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University of Cincinnati basketball player Jillian Hayes urges others to speak up

Posted at 6:09 PM, Jun 01, 2020
and last updated 2020-06-01 18:25:39-04

GOSHEN TOWNSHIP, Ohio — Jillian Hayes felt sick to her stomach last week when she watched the video of George Floyd's arrest before his death.

"I was outraged," said the University of Cincinnati freshman basketball player. "I was upset. Everybody thinks, 'Oh, it won't happen to somebody that I love. It won't happen to somebody in my family.' But, the reality is it can happen to anyone."

Hayes, who graduated from Loveland High School last week, attended Monday afternoon's protest with her family outside the Hamilton County Courthouse.

"I'm tired of having to worry about whether my dad or my brothers or my cousins, my uncles -- just friends in general -- when they leave the house if they are going to make it home safe," Hayes said. "So I think it's very important that we show our support by being there and just voicing out against the injustices that are going on."

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Monday's objective was simple yet carried a powerful message: Hayes and her family wanted their voices heard in order to spark change.

"Just to not be silenced," Hayes said. "You know come together and be united with all the people that are there in honor of George Floyd and all the other senseless murders of black men and women."

Former Minneapolis Police Officer Derek Chauvin was seen in a video kneeling on Floyd’s neck before his death. Chauvin was charged late last week with third-degree murder and manslaughter.

Jonathan Hayes, Jillian's father and a former Cincinnati Bengals assistant coach, was disheartened to see what occurred in Minnesota.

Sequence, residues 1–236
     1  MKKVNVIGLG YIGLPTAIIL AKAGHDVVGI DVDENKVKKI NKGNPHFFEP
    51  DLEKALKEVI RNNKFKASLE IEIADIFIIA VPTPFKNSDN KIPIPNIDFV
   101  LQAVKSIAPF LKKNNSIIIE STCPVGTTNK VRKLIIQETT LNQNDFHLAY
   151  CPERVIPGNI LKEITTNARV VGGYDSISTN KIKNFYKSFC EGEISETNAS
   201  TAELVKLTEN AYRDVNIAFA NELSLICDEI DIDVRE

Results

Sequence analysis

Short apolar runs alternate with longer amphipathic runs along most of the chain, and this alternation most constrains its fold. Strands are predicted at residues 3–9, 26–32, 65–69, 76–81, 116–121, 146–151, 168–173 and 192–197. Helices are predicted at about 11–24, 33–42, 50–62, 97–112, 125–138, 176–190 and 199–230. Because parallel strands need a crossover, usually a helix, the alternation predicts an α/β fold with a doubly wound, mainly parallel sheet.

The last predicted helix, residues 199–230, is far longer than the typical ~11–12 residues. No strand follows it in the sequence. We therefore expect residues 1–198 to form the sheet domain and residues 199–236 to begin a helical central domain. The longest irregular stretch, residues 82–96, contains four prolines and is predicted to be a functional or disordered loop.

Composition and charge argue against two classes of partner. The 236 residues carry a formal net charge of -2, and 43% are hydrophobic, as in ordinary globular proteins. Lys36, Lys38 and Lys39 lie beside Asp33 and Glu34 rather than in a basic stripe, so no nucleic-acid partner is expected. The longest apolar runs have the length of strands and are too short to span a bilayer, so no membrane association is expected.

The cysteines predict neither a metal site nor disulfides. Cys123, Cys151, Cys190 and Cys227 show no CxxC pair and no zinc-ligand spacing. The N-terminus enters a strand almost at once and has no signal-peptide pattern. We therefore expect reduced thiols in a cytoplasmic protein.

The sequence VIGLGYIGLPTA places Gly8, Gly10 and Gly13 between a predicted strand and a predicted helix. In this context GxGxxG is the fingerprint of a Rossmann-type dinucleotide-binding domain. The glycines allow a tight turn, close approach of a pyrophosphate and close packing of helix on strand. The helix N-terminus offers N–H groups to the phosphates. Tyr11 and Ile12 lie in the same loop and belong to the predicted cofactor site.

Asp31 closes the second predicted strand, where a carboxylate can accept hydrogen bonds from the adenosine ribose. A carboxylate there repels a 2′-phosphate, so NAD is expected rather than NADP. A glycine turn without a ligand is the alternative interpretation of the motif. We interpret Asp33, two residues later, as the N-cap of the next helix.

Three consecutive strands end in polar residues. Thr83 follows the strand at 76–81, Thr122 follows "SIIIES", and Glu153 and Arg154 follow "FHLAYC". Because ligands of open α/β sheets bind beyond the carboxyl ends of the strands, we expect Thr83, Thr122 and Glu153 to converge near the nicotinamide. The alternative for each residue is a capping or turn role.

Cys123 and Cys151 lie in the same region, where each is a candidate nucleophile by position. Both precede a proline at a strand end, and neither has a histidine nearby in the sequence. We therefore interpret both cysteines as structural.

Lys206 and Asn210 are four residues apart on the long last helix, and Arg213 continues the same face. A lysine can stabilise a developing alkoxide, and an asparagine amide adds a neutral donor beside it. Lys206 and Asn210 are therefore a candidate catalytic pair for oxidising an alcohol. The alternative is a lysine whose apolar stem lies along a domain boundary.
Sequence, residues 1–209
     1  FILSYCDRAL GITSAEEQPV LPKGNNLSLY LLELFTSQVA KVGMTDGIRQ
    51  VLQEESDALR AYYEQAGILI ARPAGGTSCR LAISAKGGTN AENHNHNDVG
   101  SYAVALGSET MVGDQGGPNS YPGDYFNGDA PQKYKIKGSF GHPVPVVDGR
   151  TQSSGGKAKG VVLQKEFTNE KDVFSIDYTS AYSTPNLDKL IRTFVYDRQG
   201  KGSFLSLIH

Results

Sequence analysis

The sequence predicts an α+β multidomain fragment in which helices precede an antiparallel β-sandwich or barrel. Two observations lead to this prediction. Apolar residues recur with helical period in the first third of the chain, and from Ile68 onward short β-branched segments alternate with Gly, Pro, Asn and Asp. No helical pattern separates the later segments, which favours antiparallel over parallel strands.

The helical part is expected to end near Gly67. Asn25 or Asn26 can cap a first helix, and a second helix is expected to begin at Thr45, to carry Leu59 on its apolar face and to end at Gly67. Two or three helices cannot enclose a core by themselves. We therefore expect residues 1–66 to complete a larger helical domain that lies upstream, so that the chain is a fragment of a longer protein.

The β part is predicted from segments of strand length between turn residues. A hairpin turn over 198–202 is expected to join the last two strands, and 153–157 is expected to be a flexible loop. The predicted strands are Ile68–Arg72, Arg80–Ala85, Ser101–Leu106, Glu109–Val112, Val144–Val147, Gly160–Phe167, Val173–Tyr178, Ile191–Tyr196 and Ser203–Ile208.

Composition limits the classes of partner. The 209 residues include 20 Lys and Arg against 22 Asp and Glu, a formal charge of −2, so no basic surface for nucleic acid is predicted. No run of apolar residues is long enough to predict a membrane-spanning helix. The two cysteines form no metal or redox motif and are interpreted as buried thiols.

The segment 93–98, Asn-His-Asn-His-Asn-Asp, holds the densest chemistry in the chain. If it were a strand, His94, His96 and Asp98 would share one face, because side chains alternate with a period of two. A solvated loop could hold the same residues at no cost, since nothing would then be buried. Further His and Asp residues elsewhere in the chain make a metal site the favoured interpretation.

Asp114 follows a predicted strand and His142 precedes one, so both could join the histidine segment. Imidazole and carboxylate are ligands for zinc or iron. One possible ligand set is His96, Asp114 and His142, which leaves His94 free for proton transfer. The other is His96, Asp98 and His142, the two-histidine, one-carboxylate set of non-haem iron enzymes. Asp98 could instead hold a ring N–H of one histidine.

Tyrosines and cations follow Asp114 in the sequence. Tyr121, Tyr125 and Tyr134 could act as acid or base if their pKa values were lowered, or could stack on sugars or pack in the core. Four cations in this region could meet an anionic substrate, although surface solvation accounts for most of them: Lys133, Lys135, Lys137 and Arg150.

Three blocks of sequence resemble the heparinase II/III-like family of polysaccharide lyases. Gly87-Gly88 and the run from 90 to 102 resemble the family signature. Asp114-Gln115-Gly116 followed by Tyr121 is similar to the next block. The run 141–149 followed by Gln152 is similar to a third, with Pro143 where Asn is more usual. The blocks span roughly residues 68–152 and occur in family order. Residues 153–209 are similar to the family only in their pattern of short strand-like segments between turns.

"I think the hardest part obviously having worked in some law enforcement when I was younger and then knowing my father worked in law enforcement for years -- the injustice, the lack of respect for life -- that really is hard to see and to watch," he said. "And just being brutally honest, watching a white man just kill a black man in the middle of day and no one could do anything to save him."

Former XFL head coach Jonathan Hayes, a former Bengals assistant coach, was disheartened to learn of George Floyd's death in Minnesota. Hayes said the human race needs to unify in order to understand different perspectives.

Jonathan and his wife, Kristi, said it was important to show Jillian and her younger brothers Jonah and Jewett how to peacefully protest on Monday in speaking up for social change.

New Orleans Pelicans rookie center Jaxson Hayes -- the eldest sibling -- attended a protest in New Orleans this past weekend.

"We have to come together as a human race," Jonathan Hayes said. "And as people we have to understand we're all going to have differences. But we have to be able to understand that just because we have differences there is a lot of similarities and things that we all want to be able to have in our lives. We want to be able to live a nice life. We want to be able to have the things that you want your children to experience."

Jillian Hayes led the effort for her family to attend the protest. Her parents supported the initiative 100%.

"She has been front and center on it all along," Jonathan Hayes said. "She's always had views -- even more so."

Loveland girls basketball coach Darnell Parker said Jillian is a significant proponent of racial equality.

"Jillian is extremely passionate about the things that she believes in and very receptive to what's going on," Parker said. "She has been one of those kids that's done a great job of being out there and active and being a leader well beyond her years."

Hayes said she has participated in Zoom calls with UC coaches and teammates about what has occurred in the country over the past week.

She said the UC coaching staff has given its full support to the players. Hayes encouraged other student-athletes to speak up.

"Whatever platform you can use -- whether it's starting a conversation, asking questions, reposting something on Instagram, donating, going to these protests. Just whatever you can do to do your part. Signing petitions -- there is a lot of petitions going around. Just whatever you can do -- just don't be silent."

Parker said Hayes is the type of student-athlete who definitely has a vision for her future.

"These are the types of kids that are going to lead our nation," Parker said. "I wouldn't be surprised some day after she is out of school that Jill is in some sort of public service where she is a mayor, a governor, a senator or whatnot so she can enact some sort of change and build this country up."